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Be-Bop Deluxe's Axe Victim box set is lavish and charmingly overblown

Lavish reissue for Bill Nelson and Be-Bop Deluxe's ambitious art-glam debut Axe Victim

Be-Bop Deluxe: Axe Victim box set
(Image: © Esoteric)

A schizoid sprawl of glammed-up histrionics, prog, blues and rustic folk-rock rumination, Bill Nelson’s 1974 debut under his Be-Bop Deluxe alias was a bold but unfocused opening statement. Ziggy-era Bowie plainly looms large over swashbuckling numbers like the menacingly camp title track and Third Floor Heaven, while Darkness (L’Immoraliste) is a gloriously pretentious blast of orchestral prog. 

This lavish multi-format reissue features a full duplicate copy of the album, newly remastered in 5.1 surround-sound stereo, adding pleasing depth and shine to several tracks including a sumptuously extended 10-minute version of sci-fi social-realist epic Jets At Dawn. The limited-edition four-disc box set also includes two John Peel sessions from 1973 and 1974, one previously unreleased.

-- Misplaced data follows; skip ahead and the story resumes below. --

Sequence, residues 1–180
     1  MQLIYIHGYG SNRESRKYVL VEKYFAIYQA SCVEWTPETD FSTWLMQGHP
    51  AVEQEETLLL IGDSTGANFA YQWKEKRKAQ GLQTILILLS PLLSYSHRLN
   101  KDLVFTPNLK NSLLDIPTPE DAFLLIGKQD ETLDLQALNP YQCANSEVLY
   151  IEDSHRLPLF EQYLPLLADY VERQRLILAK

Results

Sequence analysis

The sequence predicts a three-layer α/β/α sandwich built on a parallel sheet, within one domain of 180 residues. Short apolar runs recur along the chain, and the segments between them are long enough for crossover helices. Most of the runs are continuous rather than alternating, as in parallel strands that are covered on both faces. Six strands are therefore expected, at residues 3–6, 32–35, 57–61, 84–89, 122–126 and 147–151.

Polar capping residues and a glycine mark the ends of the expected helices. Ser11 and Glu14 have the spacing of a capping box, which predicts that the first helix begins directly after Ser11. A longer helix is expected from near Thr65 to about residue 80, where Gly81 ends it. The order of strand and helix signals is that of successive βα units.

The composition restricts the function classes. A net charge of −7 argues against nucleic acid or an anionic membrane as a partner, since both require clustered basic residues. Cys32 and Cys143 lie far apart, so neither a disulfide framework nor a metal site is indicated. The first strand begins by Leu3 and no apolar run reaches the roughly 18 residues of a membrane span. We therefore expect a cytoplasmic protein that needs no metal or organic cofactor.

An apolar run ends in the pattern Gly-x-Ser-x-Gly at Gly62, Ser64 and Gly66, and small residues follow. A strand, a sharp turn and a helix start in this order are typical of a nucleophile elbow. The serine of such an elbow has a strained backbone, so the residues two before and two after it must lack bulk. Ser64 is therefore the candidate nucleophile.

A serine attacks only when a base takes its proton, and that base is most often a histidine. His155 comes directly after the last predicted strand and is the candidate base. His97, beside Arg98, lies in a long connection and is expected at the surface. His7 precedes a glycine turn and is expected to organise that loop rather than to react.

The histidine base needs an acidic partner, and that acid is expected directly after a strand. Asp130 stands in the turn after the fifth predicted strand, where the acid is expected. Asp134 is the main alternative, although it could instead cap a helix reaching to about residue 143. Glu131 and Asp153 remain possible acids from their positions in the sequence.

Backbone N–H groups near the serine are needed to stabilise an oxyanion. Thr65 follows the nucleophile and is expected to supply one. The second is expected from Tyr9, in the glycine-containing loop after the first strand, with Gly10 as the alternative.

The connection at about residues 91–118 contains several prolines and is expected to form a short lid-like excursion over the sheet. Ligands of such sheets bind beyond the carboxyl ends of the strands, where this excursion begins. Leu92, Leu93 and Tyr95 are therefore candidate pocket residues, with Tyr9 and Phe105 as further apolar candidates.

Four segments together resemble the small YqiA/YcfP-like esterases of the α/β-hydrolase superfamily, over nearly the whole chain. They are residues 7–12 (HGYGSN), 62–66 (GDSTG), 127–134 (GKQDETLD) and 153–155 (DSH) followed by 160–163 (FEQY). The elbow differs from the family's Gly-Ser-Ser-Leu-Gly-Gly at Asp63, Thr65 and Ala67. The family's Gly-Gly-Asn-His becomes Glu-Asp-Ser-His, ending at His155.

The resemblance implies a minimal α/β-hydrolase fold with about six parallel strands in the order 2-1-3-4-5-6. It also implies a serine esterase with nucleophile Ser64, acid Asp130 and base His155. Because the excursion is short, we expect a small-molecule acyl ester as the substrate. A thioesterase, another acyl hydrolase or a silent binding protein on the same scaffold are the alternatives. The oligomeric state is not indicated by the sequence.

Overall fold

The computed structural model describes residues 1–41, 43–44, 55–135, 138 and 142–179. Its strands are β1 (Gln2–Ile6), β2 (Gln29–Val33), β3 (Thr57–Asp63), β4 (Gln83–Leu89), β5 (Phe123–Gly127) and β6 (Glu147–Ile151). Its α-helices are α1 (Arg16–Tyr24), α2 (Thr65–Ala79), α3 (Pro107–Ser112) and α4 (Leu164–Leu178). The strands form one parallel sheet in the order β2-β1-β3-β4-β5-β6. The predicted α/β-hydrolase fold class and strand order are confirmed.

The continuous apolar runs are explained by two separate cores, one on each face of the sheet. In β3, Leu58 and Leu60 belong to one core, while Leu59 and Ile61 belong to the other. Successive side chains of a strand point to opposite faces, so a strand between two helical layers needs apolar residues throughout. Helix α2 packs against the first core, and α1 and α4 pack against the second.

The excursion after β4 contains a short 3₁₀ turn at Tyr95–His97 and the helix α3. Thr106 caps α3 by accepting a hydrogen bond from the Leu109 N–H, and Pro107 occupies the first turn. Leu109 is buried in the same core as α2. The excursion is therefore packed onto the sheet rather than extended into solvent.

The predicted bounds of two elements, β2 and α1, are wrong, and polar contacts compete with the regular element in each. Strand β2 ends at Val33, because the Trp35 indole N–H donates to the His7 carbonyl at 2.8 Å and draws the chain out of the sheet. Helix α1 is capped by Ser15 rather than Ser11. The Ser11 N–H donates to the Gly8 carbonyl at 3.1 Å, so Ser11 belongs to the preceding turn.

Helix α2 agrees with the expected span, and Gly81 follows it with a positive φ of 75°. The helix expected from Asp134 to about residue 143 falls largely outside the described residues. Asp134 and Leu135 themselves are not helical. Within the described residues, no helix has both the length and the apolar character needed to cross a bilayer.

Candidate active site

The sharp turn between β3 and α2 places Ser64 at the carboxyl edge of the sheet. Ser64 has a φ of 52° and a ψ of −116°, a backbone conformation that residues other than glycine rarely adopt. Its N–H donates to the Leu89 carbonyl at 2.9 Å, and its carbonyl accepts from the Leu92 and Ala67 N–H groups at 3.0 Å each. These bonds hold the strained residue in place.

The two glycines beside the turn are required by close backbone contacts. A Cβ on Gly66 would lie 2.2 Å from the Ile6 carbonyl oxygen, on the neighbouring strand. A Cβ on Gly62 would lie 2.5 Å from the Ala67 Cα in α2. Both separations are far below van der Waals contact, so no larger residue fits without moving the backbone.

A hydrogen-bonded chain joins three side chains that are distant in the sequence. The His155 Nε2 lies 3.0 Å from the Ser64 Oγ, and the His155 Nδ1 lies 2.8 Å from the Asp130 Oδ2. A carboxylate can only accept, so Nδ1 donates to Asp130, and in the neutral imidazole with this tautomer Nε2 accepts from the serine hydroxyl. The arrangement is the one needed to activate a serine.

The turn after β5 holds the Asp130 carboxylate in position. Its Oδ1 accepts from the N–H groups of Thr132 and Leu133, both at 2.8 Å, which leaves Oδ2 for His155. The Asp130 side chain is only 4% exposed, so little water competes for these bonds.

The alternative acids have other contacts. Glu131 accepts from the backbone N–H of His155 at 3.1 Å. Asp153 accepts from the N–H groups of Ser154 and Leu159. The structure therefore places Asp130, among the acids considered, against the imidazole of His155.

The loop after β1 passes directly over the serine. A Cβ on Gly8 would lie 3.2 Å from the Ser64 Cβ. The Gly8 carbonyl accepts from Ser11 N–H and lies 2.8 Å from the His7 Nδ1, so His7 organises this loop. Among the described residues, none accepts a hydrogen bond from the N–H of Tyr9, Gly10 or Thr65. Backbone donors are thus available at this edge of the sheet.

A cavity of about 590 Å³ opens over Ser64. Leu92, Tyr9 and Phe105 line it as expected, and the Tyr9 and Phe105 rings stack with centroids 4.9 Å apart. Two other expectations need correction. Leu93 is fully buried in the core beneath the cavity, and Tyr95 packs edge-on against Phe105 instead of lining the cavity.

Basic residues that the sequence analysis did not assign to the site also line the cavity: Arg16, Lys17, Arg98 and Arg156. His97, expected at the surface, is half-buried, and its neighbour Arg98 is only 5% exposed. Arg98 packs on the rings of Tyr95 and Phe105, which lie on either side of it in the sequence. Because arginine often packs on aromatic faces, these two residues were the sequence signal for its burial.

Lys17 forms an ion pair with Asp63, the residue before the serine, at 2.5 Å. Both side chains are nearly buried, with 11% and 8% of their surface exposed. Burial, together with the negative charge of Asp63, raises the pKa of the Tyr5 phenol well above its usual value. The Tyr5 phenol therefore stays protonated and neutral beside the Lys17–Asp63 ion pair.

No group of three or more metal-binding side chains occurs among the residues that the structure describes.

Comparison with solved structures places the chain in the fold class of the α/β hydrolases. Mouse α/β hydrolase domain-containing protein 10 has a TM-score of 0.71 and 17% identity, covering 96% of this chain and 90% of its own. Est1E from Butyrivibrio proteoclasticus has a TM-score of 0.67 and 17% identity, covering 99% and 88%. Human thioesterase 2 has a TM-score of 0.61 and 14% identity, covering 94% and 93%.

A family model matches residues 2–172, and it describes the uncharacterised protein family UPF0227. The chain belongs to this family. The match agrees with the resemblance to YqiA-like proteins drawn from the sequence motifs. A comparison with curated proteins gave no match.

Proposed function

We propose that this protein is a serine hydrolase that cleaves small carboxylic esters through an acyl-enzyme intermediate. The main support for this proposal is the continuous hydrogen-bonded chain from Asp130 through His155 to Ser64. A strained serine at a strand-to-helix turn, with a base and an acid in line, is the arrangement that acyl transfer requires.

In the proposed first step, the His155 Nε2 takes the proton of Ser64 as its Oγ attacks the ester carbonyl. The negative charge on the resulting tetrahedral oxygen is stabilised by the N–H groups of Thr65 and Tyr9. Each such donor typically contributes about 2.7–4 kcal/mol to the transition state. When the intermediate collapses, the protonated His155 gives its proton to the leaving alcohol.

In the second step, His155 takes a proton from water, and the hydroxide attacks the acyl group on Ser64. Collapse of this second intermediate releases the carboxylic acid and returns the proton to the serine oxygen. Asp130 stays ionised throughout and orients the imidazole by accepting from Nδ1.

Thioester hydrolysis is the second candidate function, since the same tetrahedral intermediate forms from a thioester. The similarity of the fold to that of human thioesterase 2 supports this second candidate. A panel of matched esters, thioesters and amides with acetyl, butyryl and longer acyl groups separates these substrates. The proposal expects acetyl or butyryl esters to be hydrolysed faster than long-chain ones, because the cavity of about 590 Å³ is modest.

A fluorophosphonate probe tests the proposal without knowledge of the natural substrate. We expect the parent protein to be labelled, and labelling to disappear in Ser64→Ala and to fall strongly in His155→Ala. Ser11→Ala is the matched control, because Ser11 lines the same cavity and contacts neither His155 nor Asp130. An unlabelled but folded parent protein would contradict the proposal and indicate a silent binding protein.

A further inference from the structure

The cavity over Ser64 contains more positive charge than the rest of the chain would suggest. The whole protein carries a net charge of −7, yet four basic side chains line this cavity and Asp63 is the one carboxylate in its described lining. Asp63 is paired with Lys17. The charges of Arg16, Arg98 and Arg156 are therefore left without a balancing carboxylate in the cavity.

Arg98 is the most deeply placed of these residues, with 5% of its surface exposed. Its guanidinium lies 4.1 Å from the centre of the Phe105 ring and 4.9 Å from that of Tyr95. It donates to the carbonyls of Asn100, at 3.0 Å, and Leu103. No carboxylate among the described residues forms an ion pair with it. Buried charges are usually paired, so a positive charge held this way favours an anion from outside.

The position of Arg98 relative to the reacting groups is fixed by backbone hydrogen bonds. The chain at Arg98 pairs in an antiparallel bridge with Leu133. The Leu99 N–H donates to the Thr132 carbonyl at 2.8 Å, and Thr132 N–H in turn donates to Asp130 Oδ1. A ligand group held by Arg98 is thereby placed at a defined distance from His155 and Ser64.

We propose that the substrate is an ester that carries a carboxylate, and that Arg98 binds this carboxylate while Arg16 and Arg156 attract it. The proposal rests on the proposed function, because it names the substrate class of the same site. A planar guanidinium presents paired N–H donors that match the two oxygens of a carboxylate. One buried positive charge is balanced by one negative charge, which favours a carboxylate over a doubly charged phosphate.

Prefixed by Peel’s own wry introductions, the lost tracks are mostly non-essential footnotes, anodyne boogie-rockers and wistfully strummed ballads. 

More engaging are Nelson’s Decca Records demos, also making their public debut, which include a spangled, lusty take on Adventures In A Yorkshire Landscape. That track returns in agreeably crisp acoustic form in the second Peel session, alongside the lovely, crystalline folk-pop reverie 15th Of July

Irked by the Bowie comparisons, Nelson dissolved and reconfigured Be-Bop Deluxe soon afterwards. But nowadays Axe Victim’s glam elements denote charmingly overblown 1970s art-rock attitude rather than impudent mimicry.